Burch targeting wrong body on late financial reporting
Quite the political “finger wagging” has been going on as of late, with regard to who is responsible (to blame) for the tardiness of the Government’s financial reporting. Public works minister Lieutenant-Colonel David Burch recently gave the Auditor-General a pointed demerit for what he perceived to be her part in the persistent delays in auditing, which is the benchmark that keeps government agencies up to date on their financial standings.
This is interesting to me because as long as I have been following the Government’s financial reporting, including our auditor-general’s annual reports, Colonel Burch is the first minister that I can recall to fire a direct shot at our auditor-general, as being the cause of the delay in the production of annual audits for our public entities. Maybe he is on to something, but maybe it is not what it seems.
Let’s go back a decade and a half and look at the year 2007, a snapshot in time when the late (and another great) Larry Dennis was our auditor-general and had been in that post since 1978. I refer to his annual report, which included the standard section: “Matters of Special Importance”, which I have to say eventually became my “go to” chapter of every subsequent auditor-general’s report and I would read it before anything else. In that 2007 report, Mr Dennis continued to lament the ongoing problems with late financial reporting. Here are some of his statements, some 15 years ago:
“The reasons for late financial reporting vary from entity to entity, though there are recurring themes. Typically, accounting records are of poor quality and financial controls are absent or operated too late to be fully effective. Draft statements and schedules are not available for audit until long after year-ends and are often incomplete and inadequately supported. Too often, there is no commitment to maintaining up-to-date and complete accounting records or to issuing timely audited financial statements.”
“In my view these problems will persist until chief financial officers and heads of departments are held responsible for these deficiencies. This could mean levying financial penalties, demotion or even dismissal.”
“Late financial reporting is a serious matter. It weakens legislative control. It is contrary to legislated requirements. It precludes managerial and ministerial accountability. It frustrates effective management control. It prevents the preparation of consolidated financial statements. It creates an environment where fraud can thrive and remain undetected. In a well-run organisation, it would not be tolerated.”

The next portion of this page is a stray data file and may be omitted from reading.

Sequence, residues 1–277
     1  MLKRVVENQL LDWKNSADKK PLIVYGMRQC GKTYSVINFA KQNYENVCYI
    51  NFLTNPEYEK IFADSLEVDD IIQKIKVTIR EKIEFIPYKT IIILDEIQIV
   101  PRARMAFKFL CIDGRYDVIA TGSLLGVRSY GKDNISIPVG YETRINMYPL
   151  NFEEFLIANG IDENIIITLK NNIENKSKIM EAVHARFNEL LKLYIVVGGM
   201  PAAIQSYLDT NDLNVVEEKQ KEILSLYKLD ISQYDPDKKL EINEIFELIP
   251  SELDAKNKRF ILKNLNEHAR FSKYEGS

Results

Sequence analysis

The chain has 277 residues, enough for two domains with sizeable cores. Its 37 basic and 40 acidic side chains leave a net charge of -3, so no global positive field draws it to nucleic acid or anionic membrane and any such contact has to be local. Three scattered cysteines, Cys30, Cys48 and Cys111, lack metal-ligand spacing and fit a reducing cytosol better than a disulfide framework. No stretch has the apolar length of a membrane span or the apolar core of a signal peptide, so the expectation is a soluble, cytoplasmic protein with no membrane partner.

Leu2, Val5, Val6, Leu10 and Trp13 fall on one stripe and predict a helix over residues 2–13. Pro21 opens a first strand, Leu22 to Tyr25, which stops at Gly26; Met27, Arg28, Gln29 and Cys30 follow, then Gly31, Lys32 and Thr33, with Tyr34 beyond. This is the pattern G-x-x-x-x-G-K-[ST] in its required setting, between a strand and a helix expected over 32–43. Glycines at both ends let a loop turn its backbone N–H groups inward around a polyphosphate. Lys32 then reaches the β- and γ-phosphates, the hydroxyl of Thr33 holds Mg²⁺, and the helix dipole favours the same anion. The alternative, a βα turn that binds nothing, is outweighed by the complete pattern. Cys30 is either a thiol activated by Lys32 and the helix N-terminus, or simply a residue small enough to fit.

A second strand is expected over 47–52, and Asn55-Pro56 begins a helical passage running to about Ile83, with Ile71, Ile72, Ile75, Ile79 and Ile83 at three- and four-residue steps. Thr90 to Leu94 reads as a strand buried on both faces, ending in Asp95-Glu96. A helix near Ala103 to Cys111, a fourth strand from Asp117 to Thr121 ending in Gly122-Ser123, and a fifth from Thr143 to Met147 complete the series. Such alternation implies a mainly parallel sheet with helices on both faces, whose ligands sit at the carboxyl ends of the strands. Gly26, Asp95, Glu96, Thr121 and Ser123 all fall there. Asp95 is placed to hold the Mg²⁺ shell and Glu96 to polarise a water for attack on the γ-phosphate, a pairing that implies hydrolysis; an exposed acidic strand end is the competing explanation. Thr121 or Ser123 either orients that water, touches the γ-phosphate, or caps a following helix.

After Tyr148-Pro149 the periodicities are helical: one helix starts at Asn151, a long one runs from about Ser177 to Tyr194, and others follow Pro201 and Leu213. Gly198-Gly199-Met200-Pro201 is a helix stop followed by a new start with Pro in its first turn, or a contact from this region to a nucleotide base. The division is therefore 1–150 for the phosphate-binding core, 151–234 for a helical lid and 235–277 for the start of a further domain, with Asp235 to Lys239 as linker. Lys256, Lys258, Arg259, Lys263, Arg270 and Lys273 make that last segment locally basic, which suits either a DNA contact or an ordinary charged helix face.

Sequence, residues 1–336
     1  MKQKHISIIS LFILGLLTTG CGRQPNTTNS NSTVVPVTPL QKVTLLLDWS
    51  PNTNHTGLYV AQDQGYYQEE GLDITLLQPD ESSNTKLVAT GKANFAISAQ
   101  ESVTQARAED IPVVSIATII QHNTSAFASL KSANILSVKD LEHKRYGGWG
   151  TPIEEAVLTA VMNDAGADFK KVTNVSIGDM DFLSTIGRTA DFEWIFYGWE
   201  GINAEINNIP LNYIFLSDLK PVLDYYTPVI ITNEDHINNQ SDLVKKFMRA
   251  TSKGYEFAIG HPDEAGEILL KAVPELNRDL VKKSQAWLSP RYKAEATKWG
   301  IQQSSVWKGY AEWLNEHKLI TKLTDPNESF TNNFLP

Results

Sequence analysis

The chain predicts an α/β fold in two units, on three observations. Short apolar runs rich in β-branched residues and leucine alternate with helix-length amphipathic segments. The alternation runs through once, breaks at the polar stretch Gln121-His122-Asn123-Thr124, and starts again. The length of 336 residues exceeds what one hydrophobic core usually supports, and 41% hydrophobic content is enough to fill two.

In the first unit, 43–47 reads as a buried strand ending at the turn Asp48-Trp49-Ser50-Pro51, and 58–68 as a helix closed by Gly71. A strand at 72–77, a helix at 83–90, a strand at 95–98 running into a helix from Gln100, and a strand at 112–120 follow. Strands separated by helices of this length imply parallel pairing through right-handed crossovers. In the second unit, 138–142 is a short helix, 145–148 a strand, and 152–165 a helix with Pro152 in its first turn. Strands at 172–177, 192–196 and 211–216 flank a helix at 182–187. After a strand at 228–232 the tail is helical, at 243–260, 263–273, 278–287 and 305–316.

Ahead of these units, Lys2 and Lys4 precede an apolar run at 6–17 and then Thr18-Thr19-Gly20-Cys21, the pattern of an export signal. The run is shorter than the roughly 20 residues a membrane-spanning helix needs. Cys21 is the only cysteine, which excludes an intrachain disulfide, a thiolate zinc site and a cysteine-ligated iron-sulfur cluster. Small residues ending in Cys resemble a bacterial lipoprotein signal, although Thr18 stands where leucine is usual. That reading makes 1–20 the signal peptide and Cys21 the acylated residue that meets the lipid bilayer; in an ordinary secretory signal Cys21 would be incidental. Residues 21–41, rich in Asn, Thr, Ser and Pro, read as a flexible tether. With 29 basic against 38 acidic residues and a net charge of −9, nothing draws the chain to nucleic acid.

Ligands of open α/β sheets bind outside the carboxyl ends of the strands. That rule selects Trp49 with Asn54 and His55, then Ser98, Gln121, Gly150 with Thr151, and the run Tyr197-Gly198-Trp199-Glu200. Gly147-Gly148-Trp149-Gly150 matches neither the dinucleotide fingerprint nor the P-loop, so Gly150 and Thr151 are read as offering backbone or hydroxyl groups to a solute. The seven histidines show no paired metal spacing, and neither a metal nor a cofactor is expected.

Let's fast forward to our present auditor-general, Heather Thomas:
In her March 2020 Auditor-General’s Report: “I believe that the root cause of this fundamental lack of accountability [financial statements in arrears] can be attributed to ineffective leadership practices and mindsets. It is of concern to me that within the Public Service, those who have failed to carry out their basic responsibilities effectively have not been held to account through disciplinary or other measures.”
Office of the Auditor-General media release (October 3, 2022): “As reported previously, information provided to her office by many publicly funded entities is often incomplete or not reviewed in sufficient detail by management or those charged with governance resulting in multiple accounting adjustments, or the financial accounts not being submitted at all. It should be noted that even before the Covid-19 pandemic, the Government of Bermuda had significant challenges in properly preparing its financial accounts for audit as reported also by my predecessors. These challenges have only been exacerbated over the last two years by the Covid-19 pandemic.”
If you read the auditor-general’s annual reports of the past 15 years, they all say the same thing: late reporting is caused by a systemic failure in the accountability of the management of the Civil Service. I cannot for the life of me understand why this is not being shouted from the rooftops by the taxpayer because it is our dollar being (mis)managed. Is it apathy? Ignorance? Political allegiance? Pick any one because they all apply.
Colonel Burch, with all due respect, point your finger at the Public Service Commission, a body consisting of six appointed, unelected, members who discipline, manage and rate the performance of our entire Civil Service, and who report solely to the Governor. Members of the PSC are appointed by the Governor after consultation with the Premier, who also consults with the Leader of the Opposition.
Pick the bones out of that, voters. You should know that I have written letters to two previous governors about this very issue and I got the standard reply of “progress is being made”. I say that’s not good enough.
Some things change, but some things stay exactly the same. It is like listening to a broken record. (Yes, I’m old).